Any money left from the sale of the vehicle – after the outstanding fines are paid and the costs of detaining and selling the vehicle are covered – is paid to the vehicle’s registered owner.

Part 7 of the Infringements Act applies if one or more infringement warrants has been issued against the registered owner of a vehicle. This means that action taken to immobilise, detain or remove your vehicle can continue until all your outstanding warrants have been dealt with.

The Infringements Act specifically allows a vehicle to be sold, even when it is the owner’s primary mode of transport and is of any value (specifically excluding the operation of section 42 of the Supreme Court Act 1986 (Vic), which would otherwise protect people from having their vehicle seized and sold).

Suspension of driver licence and vehicle registration

Under part 8 of the Infringements Act, the sheriff may direct VicRoads to suspend a driver’s licence or suspend the registration of their vehicle, whether or not the person’s infringement was a vehicle offence.

This action can only be taken if you have been issued with a seven-day notice and you do not pay the outstanding fine or have taken no other action. Even if there are multiple infringement warrants, only one seven-day notice needs to be served. The notice of intention to suspend a licence or registration must be served on you personally.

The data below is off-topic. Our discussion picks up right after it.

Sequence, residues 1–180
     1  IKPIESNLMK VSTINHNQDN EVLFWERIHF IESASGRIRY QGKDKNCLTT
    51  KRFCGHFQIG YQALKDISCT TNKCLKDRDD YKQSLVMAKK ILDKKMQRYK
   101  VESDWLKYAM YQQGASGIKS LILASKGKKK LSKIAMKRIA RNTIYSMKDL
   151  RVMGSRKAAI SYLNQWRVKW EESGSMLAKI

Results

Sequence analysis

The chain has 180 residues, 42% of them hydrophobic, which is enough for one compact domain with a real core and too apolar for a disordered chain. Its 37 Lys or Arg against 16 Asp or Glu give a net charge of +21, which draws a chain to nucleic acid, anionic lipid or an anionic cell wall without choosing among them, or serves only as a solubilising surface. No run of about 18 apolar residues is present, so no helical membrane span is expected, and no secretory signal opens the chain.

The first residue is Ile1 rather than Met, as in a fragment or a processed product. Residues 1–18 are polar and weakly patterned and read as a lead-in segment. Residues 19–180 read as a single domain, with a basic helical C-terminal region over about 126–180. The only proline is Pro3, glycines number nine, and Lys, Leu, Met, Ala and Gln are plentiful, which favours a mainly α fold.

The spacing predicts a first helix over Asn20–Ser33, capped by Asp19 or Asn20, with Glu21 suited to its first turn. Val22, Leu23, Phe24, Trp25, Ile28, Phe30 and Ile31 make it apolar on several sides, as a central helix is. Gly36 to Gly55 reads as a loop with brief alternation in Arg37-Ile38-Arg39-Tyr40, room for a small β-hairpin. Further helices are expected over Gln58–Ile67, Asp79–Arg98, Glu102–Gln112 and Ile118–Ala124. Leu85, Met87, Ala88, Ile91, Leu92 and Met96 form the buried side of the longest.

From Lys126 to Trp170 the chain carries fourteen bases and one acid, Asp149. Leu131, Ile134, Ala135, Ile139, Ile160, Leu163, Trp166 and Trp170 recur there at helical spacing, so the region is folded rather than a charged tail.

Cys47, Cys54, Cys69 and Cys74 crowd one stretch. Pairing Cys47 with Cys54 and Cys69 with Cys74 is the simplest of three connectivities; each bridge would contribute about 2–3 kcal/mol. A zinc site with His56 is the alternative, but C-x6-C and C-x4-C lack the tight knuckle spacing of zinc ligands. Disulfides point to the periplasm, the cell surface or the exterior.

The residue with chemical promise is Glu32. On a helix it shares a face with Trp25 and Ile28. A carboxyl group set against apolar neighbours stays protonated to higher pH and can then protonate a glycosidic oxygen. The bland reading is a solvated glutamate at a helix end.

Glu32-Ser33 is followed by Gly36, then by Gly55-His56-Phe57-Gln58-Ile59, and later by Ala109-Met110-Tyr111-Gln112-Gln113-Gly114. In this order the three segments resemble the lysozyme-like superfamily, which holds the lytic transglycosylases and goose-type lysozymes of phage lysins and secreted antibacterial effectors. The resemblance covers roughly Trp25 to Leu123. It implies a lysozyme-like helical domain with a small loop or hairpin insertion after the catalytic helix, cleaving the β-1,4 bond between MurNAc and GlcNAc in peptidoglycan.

The sheriff may also direct VicRoads to not renew a driver’s licence or vehicle registration, or to not transfer a registration, whether or not a seven-day notice has been issued.

Where multiple infringement warrants have been issued against you, the sheriff can make one direction about all of them.

The sheriff cannot direct VicRoads to suspend your driver’s licence if you have applied for a payment order or for revocation of your outstanding enforcement order(s), unless and until the application is rejected.

Sanctions under part 8 may only be lifted if other action is taken to satisfy all outstanding fines, such as paying the fines in full, arranging a payment order, successfully applying to have the fines revoked, having sufficient personal property seized to cover the debt, entering into an attachment of earnings order or attachment of debts order, or if the infringement warrants expire.

Attachment of earnings or debt orders